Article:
Marin history: The Highway 101 commute of years past
Courtesy of Marin History Museum
The old state highway was transformed over time from a dusty trail to its present eight-lane configuration.
By Scott Fletcher | Marin History Museum
PUBLISHED: January 7, 2019 at 12:00 pm | UPDATED: January 7, 2019 at 12:40 pm
Traffic, traffic, traffic! Those of us who have battled the north/south commute on Highway 101 know the frustration of clogged freeways and lines of cars on frontage roads. If you were driving the same road back in 1930, your commute would look more like that of the motorists in the photo.
This stretch of road is in what is now Corte Madera looking to the south toward Christmas Tree Hill on the right and the Tiburon Hills on the left. The large complex of white buildings in the background is the old Meadowsweet Dairy owned by Frank Keever at the time this photograph was taken. It would be sold to Borden’s Dairy of San Rafael two years later.
Corte Madera, which means “chopped wood” in Spanish, supplied much of the timber to build the Presidio and other buildings in the early days of San Francisco. After the North Pacific Railroad laid tracks in 1875 and built a station near present-day Menke Park, families began building summer homes and permanent residences there. By 1930 the town had incorporated, established a volunteer fire department, featured a couple of fine hotels and restaurants, and was a getaway haven for many San Francisco and East Bay families.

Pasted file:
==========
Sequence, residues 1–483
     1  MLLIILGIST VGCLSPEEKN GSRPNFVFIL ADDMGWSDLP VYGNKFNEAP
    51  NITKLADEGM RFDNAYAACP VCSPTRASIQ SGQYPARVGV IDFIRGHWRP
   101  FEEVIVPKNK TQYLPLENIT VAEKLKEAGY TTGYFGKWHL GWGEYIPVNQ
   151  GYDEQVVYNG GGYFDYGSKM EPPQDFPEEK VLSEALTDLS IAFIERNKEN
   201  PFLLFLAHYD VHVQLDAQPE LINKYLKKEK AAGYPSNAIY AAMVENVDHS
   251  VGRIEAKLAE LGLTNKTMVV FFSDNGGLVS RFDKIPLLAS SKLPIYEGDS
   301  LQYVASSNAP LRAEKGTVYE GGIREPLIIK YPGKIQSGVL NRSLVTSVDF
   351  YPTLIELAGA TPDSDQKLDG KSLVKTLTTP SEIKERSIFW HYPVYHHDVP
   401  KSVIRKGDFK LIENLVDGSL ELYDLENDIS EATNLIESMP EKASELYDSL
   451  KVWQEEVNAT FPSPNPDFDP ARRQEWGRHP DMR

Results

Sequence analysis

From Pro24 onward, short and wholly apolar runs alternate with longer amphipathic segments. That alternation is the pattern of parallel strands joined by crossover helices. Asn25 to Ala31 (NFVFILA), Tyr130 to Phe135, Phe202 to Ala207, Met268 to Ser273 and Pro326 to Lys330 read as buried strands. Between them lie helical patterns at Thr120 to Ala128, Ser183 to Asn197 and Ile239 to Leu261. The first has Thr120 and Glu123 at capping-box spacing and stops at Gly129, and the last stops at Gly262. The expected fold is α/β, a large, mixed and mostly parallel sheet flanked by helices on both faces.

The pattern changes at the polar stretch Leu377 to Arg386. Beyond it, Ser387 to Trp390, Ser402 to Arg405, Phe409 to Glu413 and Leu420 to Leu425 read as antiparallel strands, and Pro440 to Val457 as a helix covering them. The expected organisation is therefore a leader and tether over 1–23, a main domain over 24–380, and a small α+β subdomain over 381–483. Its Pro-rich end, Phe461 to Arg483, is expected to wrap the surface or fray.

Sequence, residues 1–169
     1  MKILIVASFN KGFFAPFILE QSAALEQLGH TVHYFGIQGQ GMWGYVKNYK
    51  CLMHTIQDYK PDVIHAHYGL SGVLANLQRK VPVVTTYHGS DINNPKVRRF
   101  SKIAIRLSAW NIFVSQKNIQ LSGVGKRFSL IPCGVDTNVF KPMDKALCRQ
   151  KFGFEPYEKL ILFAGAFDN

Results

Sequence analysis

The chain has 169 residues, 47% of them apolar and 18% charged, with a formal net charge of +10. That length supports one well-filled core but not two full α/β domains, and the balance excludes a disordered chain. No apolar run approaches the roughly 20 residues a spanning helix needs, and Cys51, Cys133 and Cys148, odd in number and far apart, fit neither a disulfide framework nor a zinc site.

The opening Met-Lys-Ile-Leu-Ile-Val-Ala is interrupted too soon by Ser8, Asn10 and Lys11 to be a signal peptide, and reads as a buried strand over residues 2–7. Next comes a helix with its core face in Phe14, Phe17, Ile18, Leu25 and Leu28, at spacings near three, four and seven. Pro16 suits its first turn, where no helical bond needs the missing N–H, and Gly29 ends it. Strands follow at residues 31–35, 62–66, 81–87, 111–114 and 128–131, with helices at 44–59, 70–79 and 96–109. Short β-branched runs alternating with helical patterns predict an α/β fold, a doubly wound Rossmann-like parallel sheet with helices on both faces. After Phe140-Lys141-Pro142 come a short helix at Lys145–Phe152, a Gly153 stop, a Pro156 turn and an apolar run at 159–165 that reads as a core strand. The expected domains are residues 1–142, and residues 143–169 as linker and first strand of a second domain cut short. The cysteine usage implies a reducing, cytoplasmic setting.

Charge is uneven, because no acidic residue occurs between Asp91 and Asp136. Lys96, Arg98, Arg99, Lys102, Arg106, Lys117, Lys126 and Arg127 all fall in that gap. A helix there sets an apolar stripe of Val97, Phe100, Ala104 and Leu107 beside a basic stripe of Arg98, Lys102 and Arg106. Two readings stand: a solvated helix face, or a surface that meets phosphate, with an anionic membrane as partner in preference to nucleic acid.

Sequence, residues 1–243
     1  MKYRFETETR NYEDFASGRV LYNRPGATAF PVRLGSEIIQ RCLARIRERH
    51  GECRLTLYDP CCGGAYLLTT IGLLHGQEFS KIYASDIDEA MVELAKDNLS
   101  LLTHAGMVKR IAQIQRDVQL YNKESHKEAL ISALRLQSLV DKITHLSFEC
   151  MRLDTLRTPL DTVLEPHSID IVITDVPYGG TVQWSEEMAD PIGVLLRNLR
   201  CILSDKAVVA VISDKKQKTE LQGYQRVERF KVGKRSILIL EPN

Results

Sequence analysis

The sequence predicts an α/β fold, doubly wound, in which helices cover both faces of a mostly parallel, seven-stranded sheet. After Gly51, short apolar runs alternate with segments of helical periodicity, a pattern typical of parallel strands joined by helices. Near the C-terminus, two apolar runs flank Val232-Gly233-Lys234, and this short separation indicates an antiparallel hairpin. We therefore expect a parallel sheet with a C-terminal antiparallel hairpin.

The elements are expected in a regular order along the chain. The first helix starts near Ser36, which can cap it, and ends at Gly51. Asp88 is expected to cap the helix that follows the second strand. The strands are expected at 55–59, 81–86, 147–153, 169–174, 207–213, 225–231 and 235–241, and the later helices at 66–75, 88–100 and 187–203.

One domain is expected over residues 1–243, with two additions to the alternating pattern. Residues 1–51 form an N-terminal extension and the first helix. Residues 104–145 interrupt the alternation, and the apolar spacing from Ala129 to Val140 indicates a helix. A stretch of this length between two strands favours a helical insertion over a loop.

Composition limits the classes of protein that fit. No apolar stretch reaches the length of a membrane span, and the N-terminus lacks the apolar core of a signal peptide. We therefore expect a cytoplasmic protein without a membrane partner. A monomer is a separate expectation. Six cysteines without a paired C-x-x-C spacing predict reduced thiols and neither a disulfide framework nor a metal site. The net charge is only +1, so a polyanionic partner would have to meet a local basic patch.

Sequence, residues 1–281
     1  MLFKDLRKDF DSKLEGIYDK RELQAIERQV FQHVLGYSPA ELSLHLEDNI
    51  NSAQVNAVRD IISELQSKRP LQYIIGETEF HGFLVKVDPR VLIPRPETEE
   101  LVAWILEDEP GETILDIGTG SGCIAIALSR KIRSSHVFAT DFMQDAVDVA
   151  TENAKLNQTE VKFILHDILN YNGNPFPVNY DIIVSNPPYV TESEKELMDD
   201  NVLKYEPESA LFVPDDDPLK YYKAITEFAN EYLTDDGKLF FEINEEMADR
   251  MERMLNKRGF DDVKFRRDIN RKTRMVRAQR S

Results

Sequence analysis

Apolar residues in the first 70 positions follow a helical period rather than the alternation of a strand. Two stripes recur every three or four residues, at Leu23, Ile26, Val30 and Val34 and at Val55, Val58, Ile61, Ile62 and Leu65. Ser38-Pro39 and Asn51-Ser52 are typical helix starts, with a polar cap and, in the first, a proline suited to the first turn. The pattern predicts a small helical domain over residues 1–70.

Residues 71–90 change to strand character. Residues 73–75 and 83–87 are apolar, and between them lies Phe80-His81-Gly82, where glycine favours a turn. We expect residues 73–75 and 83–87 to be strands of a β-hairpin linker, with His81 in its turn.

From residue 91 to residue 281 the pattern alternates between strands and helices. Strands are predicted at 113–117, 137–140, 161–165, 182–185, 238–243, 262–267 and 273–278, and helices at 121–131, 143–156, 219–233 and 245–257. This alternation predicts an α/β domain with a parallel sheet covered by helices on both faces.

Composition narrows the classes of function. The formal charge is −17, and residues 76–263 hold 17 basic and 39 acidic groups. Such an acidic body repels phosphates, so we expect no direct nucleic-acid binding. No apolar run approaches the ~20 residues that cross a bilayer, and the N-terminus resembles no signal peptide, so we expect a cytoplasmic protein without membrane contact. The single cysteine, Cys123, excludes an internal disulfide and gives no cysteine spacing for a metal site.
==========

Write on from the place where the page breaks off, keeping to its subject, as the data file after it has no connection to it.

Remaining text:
Much of the surrounding land was still Bay wetlands dotted with small islands east of the road and dairy ranches running west toward Mt. Tam. The old state highway was transformed over time from the dusty trail in the photograph to its present eight-lane configuration after completion of the Golden Gate Bridge and the increased development of Marin in the 1950s through the 1970s.
Though the north/south commute is no picnic, we are blessed while driving with views of the Marin hills and the wetlands of San Francisco Bay. And thanks to a 1935 County ordinance championed by Sepha Evers, cofounder of today’s Marin Conservation League, that requires County approval of all signs within 500 feet of the roadway, our views are unimpeded by those annoying and distracting billboards that plague highways throughout the country.
History Watch is written by Scott Fletcher, a volunteer at the Marin History Museum, marinhistory.org. Images included in History Watch are available for purchase by calling 415-382-1182 or by email at email@example.com.